Wednesday, July 24, 2013

Tom Waits - Blue Valentine

Seeing as this is my favorite Tom Waits record, I don't see how I have missed talking about it until now, but that is what my blogger search is telling me. Of course, I don't trust that SOB, so I may be repeating myself. Such is life...

I believe that this was the first Waits album that I picked up - it was the late 70's and I was buying whatever I could afford that looked different and interesting. I was into "punk" and "new wave" as well as older styles of music - I was just bored with the current "rock" bands and AM radio pap. Waits' jazz/blues stylings appealed to me immediately as to me he sounded like a beat generation book set to music!

The opener here is a bit odd, though - a jazz/lounge run-through of "Somewhere" from West Side Story - a bit sappier than most of Tom's original work and not really suited or his voice. But from there on, every song is stellar. Tom knows how to set a scene and "Red Shoes By the Drugstore" emulates the sound of windshield wipers as he talks of street characters in the rain in Hollywood where nothing is ever resolved - just like in real life!

But in "Christmas Card From a Hooker in Minneapolis" he does tell a pretty straight-forward tale (though far longer than could fit on most cards!) of a whore trying to convince an ex - and herself - that her life is going well, filled with great imagery set to a simple piano accompaniment. Things get darkly swinging in "Romeo is Bleeding" with its sweet organ, sax, stand-up bass, drums, and jazzy guitar and again, Tom tells a very LA-centric story of a Mexican gang leader who got wounded in a shoot-out with a cop but it too macho to let on. Terrific sax solo on this one!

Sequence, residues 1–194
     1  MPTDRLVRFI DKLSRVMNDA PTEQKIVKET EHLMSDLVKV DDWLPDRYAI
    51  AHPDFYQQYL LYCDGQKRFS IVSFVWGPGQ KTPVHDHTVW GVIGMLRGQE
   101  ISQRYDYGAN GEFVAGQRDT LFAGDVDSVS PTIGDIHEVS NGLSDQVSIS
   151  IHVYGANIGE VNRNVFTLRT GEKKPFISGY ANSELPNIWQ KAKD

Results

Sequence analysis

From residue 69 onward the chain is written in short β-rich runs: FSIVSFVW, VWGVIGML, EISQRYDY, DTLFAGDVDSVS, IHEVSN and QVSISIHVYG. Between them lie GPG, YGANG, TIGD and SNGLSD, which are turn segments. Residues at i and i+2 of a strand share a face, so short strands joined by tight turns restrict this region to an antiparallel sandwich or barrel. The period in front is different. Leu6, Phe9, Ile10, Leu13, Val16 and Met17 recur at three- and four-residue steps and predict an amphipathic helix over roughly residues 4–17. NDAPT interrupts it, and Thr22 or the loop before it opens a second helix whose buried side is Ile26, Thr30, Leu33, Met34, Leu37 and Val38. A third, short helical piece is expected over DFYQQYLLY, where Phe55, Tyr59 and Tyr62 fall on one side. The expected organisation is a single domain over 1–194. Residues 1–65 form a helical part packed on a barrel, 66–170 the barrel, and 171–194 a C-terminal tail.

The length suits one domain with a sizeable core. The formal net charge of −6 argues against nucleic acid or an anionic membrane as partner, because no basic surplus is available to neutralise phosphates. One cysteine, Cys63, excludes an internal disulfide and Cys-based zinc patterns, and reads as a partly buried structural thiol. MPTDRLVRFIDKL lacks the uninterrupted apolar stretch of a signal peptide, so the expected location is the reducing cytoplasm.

He sings the blues in "$29.00" with guitar and piano trading licks to a slow, groovy backing and he picks it up somewhat in "Wrong Side of the Road" with its incessant, mid-tempo beat, wailing sax and mini-movie about roustabouts up to no good. By the time he gets to "Whistlin' Past the Graveyard" he's moving pretty fast, as if he can't wait to get past it and this feel is similar to early r'n'r that came from horn-driven jazz and r'n'b. But he brings it back down to a piano ballad for "Kentucky Avenue" where he reminisces about his childhood and friends and foes from that time.

We come back to a swinging, brushes-on-the-drums-groove of "A Sweet Little Bullet from a Pretty Blue Gun" with some good dynamics and nice guitar licks. The record closes with a quiet guitar playing jazz chords as Waits sings about his "Blue Valentine" - really effective and evocative in its simplicity.

To me, this is when Waits really came into his own though I know it was a character - but man, what a character! And it was one he lived - his home was a room at the Tropicana, he wore old suits and drank at dive bars and sang songs of the people he would meet in the street. It was all very real to me. I understand that his later work is more original but these songs just knock me out. Give a listen if you only know his noisy side - his beat generation identity is the essence of cool jazz/blues.